1. It’s a square dance, not a rumba.  In many supplier-customer relationships, it’s a two-party situation.  For the automotive supplier we described in the earlier case study, we found the following.  Two of its largest five global OEM customers had joint ventures with the same Chinese OEM.  Two of the other global OEMs had relationships with other Chinese OEMs.  Two of the three Chinese OEMs involved in these global relationships had existing relationships with a Chinese supplier.  One of these Chinese suppliers had an existing joint venture relationship with a major global parts supplier.  Without continuing, we can rest our case that all the ingredients are present for a successful square dance.  And, like a square dance, for any two participants, sometimes they are partners, sometimes they are opposites.  It’s complex, with enormous potential to “go bad” if one or more of the participants gets confused or forgets their roles and responsibilities.  Such is the China market.

Unlike square dancing, there is, however, no caller, and one of the challenges of entering this market is to understand the rules and relationships.  We encourage the development of careful “market maps” and of explicit initiatives to ensure that all participants understand and agree upon their roles and responsibilities.  It is unlikely that any entrant into this market can succeed with out partners – and in fact even the rumba doesn’t allow going it alone.

There are numerous analogies to guide firms along the process of defining relationships and managing them towards success.  None, however, is more important than the following:  “If it’s not win-win, you won’t win”.  We’ve found this to be true in traditional market relationships, for example those between manufacturers and their distributors, and we have numerous examples of why this is true in China.  Our advice involves developing a careful understanding of each partner’s objectives and a sharp-pencil calculation as to what it will take to ensure that they too see a “win”.  Like the need for segment-specific strategies, partner-specific assessments as to the value of a relationship are good business practices in China as in other markets.

  1. Just because it’s China doesn’t mean you start from zero.  Far too often, companies with major customer relationships despair about the prospect of extending that relationship into China.  We believe exactly the opposite is true.  The reality is that “strategic customer” and “strategic supplier” are two sides of the same coin.  There was a reason why your major customer made you a major supplier.  At minimum, you begin with the advantages of “working with the devil you know…” and of one-stop shopping.  But we think it goes well beyond those advantages.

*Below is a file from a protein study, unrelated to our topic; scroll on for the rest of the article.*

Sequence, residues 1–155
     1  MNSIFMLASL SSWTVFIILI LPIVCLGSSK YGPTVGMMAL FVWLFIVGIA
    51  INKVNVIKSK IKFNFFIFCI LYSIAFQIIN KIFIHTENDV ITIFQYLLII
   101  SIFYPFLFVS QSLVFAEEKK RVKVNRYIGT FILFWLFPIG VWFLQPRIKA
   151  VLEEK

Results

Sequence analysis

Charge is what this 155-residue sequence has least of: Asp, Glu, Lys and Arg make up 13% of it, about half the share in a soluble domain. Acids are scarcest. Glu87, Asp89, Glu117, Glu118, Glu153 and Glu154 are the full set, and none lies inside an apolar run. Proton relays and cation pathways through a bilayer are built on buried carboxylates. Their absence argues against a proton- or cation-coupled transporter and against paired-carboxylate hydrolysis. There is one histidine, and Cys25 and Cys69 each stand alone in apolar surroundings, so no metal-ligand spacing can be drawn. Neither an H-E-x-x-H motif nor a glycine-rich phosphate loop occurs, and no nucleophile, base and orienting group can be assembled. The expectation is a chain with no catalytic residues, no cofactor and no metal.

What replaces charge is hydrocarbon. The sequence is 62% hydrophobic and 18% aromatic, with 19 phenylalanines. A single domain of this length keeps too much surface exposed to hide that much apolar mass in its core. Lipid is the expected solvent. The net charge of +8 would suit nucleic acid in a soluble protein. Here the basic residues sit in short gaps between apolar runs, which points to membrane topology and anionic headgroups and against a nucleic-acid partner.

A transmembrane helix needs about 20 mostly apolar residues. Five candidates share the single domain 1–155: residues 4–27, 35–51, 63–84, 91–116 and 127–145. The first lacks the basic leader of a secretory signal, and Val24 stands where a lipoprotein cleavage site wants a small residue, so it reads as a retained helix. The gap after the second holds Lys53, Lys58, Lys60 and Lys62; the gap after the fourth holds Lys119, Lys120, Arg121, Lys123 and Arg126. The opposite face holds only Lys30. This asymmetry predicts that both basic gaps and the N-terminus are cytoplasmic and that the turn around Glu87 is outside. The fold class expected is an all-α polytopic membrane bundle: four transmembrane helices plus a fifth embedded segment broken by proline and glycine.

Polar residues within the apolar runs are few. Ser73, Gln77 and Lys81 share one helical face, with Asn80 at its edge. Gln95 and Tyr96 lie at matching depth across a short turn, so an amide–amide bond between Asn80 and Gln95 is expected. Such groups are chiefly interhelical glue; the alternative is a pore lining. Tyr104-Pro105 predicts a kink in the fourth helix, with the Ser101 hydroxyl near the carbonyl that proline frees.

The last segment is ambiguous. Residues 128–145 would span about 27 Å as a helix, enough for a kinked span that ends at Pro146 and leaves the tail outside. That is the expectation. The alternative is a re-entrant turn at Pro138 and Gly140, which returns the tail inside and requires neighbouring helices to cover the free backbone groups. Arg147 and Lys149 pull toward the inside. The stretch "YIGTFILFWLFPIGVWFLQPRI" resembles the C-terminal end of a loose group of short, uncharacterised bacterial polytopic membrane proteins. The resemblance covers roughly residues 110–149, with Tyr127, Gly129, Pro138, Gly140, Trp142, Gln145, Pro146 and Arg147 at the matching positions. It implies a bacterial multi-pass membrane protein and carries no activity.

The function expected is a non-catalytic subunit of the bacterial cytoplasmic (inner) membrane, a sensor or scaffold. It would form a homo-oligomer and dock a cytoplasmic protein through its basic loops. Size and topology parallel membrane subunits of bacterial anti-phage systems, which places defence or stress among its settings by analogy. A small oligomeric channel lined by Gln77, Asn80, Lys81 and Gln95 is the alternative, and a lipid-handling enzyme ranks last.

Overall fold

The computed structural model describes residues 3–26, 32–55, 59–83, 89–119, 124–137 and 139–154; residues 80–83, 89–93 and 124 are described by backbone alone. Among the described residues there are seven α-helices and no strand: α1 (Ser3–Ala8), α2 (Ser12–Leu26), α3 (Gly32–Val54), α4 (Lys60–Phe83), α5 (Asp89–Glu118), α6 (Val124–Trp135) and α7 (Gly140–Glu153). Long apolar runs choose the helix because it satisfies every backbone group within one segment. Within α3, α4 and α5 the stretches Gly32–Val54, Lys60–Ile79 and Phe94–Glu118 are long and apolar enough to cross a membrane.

In recent projects, we’ve done systematic assessments of numerous supplier-customer relationships.  Among our findings:

  • In one industry, we saw a doubling of the percentage of sales involving “global platforms”, foundations upon which country-specific products were developed and introduced.
  • In another industry, we saw global outsourcing of certain business functions to suppliers, with economies of scale dictating that suppliers able to cover multiple geographies would win such contracts in all of the geographies they covered.
  • In another industry, we identified local market brand preferences that favored “global brands” over local brands.
  • In another industry, we found that local regulations were patterned after those in a developed market, favoring supplies already “certified” in that developed market.

The clever reader will guess that all four of the above examples involved the China market – four case studies of the ways in which the basis of a supplier’s business relationship with a major customer could be exported into China.

“Truth in Advertising” rules apply here.  In each of these four examples, we should hasten to point out that none of the other three considerations applied.  In the case in which local regulations were patterned after those prevailing in other markets, there were no meaningful “platforms’, the economics were entirely dictated by local market considerations, and brands were invisible beyond the major customer relationship.  But, often there are factors that create an advantage for a major supplier, allowing it to extent its relationship into the China market.  We encourage a systematic examination of the basis of relationship successes and their portability into new market segments, whether they are in China or elsewhere.

We offer these three ideas as ways in which firms can translate crises – such as the realization that their major customers are focused on the China market – into opportunity.  We believe that attention to these three ideas can enable firms to more successfully manage the complexity of the China market and translate activity in this market into profitable growth.  There is great potential to the China market, and there even greater potential for those firms whose existing major customers are active in this market.  The square dances of the China market open the potential for new relationships, some of which can be translated into second-stage growth opportunities.  And firms that have been successful with their major customers get a head start against their competitors in China, and should be able to translate this head start into a win at the finish line.  Out of crisis comes … the opportunity for hard work that can lead to … success stories and rewards from the China market.